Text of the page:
Most people who know me know that I have a longstanding addiction to panfish species, especially bluegill and crappie. Throw in the possibility of catching trophy-class fish and the addiction only gets worse. At least 60 percent of my angling time, effort, and travel revolves around the pursuit of those rare giants of the panfish world. I’m not so sure there is a rehab program for my disease, nor do I necessarily want to find the cure… unless, of course, it involves the capture of these giants.
It all started way back in my early high school years when I caught my first trophy bluegill at a local pond near my home. The fish measured 10.5 inches and weighed 1.5 pounds, was round as a dinner plate, and fought as hard as any bass from the past. No, that’s not record-breaking dimensions, but it was enough of a trophy in my eyes that I knew right there and then that these types of fish didn’t show up every day. Soon after that life-changing event, I caught my first 14-inch crappie. Thick and heavy, I knew that these were worthy game, exceptional fish that I needed more of in my life.
An angler’s idea of a “trophy” panfish can vary quite a bit. Most considered nine-inch bluegills as “one-pounders,” which they are not. Fine fish, but it takes a rotund 10-inch-plus bluegill to crack the pound-sized barrier. Ultimately, I was searching for a 12-inch bluegill, or even a hybrid sunfish, that could possibly crack the two-pound mark. Fish of these dimensions are very rare in all but the most special of waters nationwide.
Likewise, with trophy crappies. Many states have citation/award minimums at the 15-inch or two-pound benchmark for an angler recognition patch or parchment. But a bona fide 17-inch specimen could possibly weigh in at three pounds. On a national level, fish of that size would be legit trophies even in the famed crappie-rich waters of Santee Cooper, Kerr Reservoir, Pymatuning, or the world-class lakes of Grenada and Enid in Mississippi. My research on these fish shows that giant crappies, even fish of 20 inches, could possibly show up in many states of the Mid-Atlantic seaboard as well.
Just like any other style or species-specific type of angling, certain waters are going to be limited to the top-end size structure and no matter how hard you try the giants just may not be there. As the obsession grows, so do the goals.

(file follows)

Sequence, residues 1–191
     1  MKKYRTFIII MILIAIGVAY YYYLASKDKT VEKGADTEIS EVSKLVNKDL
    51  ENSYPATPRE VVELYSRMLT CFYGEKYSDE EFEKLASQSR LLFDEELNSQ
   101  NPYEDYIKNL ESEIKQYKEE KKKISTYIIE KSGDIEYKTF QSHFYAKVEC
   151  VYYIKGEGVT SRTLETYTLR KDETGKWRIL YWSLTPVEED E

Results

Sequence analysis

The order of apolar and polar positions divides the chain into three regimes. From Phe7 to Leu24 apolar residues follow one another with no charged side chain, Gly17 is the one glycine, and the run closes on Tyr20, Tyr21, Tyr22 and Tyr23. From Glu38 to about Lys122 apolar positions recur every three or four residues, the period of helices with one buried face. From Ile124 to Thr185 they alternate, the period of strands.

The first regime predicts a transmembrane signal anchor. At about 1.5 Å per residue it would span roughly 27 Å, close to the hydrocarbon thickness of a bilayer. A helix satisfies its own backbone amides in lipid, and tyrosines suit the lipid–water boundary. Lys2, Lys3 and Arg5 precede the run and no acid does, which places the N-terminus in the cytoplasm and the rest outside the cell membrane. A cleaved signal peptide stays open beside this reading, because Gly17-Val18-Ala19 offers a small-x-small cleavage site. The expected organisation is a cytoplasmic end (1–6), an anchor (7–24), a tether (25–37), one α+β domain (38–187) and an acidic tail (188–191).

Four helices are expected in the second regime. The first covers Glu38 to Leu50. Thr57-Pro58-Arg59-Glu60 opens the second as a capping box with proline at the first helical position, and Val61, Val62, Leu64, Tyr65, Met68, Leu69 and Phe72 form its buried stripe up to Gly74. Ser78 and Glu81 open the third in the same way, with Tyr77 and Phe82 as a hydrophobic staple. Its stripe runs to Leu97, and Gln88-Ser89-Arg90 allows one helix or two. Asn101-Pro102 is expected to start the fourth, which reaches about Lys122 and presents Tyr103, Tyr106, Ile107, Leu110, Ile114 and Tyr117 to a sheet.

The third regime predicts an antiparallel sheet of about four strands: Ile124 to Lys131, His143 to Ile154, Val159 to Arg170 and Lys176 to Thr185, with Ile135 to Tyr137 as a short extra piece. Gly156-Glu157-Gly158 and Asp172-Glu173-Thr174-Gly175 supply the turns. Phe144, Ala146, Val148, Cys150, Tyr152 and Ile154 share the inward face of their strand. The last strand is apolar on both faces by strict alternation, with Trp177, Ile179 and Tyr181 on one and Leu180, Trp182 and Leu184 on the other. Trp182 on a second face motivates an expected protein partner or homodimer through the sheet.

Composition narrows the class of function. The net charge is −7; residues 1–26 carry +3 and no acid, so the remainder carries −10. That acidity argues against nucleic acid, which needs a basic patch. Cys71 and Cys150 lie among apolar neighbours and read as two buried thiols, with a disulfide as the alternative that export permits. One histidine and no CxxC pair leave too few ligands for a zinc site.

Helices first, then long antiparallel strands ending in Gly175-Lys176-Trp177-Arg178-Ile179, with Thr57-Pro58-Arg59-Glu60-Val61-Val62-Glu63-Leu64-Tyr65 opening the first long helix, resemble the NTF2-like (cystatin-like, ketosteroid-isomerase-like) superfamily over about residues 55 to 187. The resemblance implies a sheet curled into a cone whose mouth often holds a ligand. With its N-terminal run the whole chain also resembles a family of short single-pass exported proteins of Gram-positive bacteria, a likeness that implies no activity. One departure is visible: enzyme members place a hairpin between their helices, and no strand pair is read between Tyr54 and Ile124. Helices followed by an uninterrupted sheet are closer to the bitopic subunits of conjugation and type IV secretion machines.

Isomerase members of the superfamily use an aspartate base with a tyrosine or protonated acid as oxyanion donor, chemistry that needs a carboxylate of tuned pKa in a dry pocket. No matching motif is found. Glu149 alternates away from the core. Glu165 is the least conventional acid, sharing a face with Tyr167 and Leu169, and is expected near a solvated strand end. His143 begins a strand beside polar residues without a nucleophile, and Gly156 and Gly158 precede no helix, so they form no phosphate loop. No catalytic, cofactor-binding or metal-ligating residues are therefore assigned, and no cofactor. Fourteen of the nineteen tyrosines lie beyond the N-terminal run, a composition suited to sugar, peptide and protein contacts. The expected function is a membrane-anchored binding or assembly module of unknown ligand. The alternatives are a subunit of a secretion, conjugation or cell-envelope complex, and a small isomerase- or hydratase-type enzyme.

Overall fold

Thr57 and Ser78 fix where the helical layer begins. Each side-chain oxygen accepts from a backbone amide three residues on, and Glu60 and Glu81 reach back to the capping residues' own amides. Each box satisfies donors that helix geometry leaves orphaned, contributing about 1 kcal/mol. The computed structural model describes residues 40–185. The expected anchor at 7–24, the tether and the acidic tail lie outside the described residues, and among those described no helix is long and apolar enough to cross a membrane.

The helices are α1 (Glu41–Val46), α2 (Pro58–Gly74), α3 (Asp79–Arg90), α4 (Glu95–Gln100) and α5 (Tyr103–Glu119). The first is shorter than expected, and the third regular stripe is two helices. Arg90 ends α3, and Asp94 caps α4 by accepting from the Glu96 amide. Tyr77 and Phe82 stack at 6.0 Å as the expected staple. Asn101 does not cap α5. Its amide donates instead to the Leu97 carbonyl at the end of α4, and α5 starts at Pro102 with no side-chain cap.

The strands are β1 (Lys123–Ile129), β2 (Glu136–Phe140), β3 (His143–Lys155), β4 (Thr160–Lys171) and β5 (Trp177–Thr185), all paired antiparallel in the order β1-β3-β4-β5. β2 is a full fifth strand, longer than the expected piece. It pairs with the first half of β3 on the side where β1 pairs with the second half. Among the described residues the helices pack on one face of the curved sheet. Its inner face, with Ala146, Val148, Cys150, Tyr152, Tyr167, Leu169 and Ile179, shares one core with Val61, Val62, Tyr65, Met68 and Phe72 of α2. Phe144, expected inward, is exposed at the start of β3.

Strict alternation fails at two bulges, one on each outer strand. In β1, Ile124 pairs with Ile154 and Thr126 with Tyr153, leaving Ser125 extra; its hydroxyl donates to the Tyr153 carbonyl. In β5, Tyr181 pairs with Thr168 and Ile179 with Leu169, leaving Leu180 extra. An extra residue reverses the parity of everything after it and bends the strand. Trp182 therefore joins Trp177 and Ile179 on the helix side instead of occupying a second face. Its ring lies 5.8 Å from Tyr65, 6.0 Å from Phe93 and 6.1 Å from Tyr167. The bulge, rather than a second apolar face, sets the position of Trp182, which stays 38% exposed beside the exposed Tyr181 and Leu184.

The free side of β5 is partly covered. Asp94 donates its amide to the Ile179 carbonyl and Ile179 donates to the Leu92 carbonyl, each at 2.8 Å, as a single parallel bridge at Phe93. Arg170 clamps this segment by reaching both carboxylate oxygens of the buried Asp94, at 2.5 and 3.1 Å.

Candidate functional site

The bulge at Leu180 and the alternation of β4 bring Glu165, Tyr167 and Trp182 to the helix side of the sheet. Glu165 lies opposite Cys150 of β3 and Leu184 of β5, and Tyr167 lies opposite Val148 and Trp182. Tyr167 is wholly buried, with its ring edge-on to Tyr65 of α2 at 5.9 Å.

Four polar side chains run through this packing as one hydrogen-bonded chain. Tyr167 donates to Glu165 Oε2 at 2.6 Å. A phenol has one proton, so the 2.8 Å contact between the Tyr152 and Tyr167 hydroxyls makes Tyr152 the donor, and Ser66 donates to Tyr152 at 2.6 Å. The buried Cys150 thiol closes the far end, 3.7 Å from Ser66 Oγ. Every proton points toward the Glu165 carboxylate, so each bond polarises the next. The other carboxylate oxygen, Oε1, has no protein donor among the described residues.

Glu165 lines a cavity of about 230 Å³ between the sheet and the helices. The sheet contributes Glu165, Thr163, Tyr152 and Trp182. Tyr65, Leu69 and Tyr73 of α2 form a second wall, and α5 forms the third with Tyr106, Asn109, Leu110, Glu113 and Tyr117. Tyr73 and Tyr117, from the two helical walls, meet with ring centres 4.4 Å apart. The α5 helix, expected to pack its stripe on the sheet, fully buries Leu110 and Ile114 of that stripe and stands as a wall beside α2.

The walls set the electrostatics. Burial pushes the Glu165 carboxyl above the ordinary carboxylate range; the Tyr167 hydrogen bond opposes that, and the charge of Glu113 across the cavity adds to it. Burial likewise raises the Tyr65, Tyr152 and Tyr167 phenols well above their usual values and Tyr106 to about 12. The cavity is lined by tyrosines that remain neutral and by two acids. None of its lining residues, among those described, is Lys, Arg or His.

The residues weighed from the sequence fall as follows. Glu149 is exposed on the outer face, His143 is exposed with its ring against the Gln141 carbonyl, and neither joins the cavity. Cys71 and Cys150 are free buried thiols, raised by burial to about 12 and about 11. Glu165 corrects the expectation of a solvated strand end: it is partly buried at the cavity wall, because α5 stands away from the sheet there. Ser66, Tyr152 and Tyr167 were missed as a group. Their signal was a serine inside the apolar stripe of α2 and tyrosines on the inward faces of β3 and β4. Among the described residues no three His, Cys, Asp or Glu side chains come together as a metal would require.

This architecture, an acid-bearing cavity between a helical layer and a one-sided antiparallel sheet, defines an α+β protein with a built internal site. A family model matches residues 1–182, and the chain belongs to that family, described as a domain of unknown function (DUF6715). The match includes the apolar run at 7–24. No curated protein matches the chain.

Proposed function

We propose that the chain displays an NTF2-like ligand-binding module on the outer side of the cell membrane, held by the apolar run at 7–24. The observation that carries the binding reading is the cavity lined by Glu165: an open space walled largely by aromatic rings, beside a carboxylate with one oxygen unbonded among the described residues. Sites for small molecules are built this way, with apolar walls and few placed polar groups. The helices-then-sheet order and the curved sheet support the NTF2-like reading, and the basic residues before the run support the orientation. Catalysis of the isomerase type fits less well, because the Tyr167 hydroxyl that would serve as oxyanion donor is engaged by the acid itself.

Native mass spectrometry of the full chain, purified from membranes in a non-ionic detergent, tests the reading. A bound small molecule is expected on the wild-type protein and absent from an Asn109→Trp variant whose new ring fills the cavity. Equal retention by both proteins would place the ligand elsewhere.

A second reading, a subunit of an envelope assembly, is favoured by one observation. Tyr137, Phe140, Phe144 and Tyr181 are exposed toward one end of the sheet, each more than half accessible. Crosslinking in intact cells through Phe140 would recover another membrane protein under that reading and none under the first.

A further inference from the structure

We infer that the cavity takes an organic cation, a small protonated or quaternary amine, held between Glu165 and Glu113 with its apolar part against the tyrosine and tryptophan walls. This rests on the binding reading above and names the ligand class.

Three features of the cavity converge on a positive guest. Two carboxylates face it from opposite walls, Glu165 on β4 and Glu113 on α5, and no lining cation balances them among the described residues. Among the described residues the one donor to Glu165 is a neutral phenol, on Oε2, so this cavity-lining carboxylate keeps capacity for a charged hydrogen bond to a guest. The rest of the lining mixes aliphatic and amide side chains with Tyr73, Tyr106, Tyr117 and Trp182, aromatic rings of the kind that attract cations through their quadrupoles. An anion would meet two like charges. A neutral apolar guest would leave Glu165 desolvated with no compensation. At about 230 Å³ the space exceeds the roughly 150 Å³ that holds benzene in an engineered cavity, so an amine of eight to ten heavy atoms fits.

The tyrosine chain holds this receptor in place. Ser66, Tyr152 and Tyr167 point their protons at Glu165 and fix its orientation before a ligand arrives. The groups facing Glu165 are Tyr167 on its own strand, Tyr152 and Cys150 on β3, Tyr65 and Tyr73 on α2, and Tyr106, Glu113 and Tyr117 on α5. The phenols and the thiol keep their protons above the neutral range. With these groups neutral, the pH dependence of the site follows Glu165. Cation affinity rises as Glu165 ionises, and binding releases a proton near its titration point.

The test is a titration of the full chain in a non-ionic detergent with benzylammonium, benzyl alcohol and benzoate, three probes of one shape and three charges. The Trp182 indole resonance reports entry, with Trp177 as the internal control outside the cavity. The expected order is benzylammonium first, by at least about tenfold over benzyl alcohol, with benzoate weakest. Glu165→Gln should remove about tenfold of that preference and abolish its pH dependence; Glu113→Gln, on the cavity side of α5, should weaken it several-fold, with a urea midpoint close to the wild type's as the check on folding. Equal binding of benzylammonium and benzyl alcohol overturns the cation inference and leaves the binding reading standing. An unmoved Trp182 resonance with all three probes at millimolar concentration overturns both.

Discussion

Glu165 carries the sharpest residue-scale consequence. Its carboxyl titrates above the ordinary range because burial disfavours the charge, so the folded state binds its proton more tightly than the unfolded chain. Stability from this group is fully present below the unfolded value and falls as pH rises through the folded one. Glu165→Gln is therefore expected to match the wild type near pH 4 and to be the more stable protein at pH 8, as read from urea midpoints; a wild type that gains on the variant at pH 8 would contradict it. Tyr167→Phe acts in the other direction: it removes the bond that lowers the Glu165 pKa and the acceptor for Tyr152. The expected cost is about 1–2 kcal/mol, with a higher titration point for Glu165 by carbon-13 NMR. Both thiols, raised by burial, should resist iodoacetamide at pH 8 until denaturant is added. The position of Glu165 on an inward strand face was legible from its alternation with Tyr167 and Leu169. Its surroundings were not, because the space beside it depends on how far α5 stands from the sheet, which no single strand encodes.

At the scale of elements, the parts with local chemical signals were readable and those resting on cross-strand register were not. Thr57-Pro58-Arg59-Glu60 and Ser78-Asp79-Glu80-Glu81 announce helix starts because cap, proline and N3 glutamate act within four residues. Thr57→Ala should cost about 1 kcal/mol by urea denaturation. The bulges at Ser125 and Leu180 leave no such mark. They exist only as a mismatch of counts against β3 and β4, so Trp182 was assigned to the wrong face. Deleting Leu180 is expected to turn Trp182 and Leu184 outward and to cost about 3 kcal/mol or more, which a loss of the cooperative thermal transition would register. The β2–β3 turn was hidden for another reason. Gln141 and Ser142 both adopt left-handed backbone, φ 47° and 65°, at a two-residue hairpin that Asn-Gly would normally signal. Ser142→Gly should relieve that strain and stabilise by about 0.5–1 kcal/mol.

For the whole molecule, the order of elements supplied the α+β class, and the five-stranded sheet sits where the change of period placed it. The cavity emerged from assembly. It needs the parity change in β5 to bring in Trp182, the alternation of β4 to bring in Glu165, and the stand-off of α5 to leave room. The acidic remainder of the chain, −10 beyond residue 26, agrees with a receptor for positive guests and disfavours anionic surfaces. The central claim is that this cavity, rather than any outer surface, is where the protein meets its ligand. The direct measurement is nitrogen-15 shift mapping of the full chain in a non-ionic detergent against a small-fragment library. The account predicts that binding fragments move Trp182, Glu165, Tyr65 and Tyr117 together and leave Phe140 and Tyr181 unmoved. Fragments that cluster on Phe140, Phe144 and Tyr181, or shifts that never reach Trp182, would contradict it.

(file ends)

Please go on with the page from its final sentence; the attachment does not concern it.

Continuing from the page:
It wasn’t until 2019 that I caught my very first legitimate 12-inch “pure strain” bluegill from Maryland waters. After catching many 11- to nearly 12-inch fish from this local gem I finally got “the one” and the giant, rotund female was the winning entry in the In Fisherman Awards Program that year for the catch and release division. I was ecstatic!
Meanwhile, over on the crappie side of the world, the quest for the 17-incher is a continuing story. I’ve come very close with a 16.5-incher and a good friend of mine scored a 16.75-incher from the same water. Both fish were caught during last year’s pandemic lockdowns. Another friend captured a stunning 20-inch crappie while testing out his new fly rod at a club pond and the knowledge that that fish still exists has me losing a little sleep some nights.
With so many public waters producing big fish it makes sense to diversify a bit and hit the slab-rich tidal Potomac or Pennsylvania’s Pinchot Lake where not one, but two four-pounders have been caught since year 2000. The Potomac looms large, having rewarded me with a beautiful 2.5-pounder in 2018.
They are out there. You just have to get a jig in front of one of them. Numerous tidal flows on the Eastern Shore are also calling. Until then, the obsession continues.
Tips for Targeting Giant Panfish
Although you may be trophy hunting, remember that elephants eat peanuts. The monster 12-inch ‘gill pictured here took a 1/64th ounce hair jig on four-pound line.
A high percentage of trophy bluegills come from small private venues or “under the radar” public lakes that the masses will overlook. Exceptional crappies, conversely, are often accessible from many larger public lakes. It’s safe to say that 75 percent of the 14-inch plus crappies I have caught in a lifetime of angling have come from public venues, not private — although an absolute giant can pop up just about anywhere.
Remember that fish populations are often cyclic in size-structure over a period of several years; an area with small fish may well produce trophies a few years down the road, and one that produces huge fish this season won’t necessarily do the same next season.
Record Trophy Panfish
You say you want to go after a record-breaking catch? These trophy panfish currently top the charts.
DE – 2 pounds, 10 ounces
MD – 3 pounds, 4 ounces
PA – 2 pounds, 9 ounces
VA – 4 pounds, 8 ounces
World – 4 pounds, 12 ounces
DE – 4 pounds, 9 ounces
MD – 4 pounds, 4 ounces
PA – 4 pounds, 3 ounces
VA – 4 pounds, 14 ounces
World – 5 pounds, 3 ounces
-By Jim Gronaw